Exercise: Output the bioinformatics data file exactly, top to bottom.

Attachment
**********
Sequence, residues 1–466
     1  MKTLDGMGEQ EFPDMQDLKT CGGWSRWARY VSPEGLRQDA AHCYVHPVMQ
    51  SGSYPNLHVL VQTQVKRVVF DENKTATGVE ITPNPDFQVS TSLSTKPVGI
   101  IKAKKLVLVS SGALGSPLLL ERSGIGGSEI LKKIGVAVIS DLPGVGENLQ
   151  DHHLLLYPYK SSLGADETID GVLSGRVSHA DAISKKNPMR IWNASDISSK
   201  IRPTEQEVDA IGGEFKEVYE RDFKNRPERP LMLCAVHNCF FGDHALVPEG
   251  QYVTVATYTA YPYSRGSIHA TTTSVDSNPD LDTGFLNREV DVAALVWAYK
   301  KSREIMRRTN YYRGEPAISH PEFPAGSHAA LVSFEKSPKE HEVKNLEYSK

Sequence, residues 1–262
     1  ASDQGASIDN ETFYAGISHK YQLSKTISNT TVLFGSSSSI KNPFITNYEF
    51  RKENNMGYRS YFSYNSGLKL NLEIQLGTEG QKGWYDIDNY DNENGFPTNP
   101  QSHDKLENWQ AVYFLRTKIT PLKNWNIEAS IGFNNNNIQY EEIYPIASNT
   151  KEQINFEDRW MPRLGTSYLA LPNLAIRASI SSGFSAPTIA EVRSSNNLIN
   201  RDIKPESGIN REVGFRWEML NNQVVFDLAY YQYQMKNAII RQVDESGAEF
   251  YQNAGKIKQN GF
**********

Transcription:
Sequence, residues 1–466
     1  MKTLDGMGEQ EFPDMQDLKT CGGWSRWARY VSPEGLRQDA AHCYVHPVMQ
    51  SGSYPNLHVL VQTQVKRVVF DENKTATGVE ITPNPDFQVS TSLSTKPVGI
   101  IKAKKLVLVS SGALGSPLLL ERSGIGGSEI LKKIGVAVIS DLPGVGENLQ
   151  DHHLLLYPYK SSLGADETID GVLSGRVSHA DAISKKNPMR IWNASDISSK
   201  IRPTEQEVDA IGGEFKEVYE RDFKNRPERP LMLCAVHNCF FGDHALVPEG
   251  QYVTVATYTA YPYSRGSIHA TTTSVDSNPD LDTGFLNREV DVAALVWAYK
   301  KSREIMRRTN YYRGEPAISH PEFPAGSHAA LVSFEKSPKE HEVKNLEYSK

Sequence, residues 1–262
     1  ASDQGASIDN ETFYAGISHK YQLSKTISNT TVLFGSSSSI KNPFITNYEF
    51  RKENNMGYRS YFSYNSGLKL NLEIQLGTEG QKGWYDIDNY DNENGFPTNP
   101  QSHDKLENWQ AVYFLRTKIT PLKNWNIEAS IGFNNNNIQY EEIYPIASNT
   151  KEQINFEDRW MPRLGTSYLA LPNLAIRASI SSGFSAPTIA EVRSSNNLIN
   201  RDIKPESGIN REVGFRWEML NNQVVFDLAY YQYQMKNAII RQVDESGAEF
   251  YQNAGKIKQN GF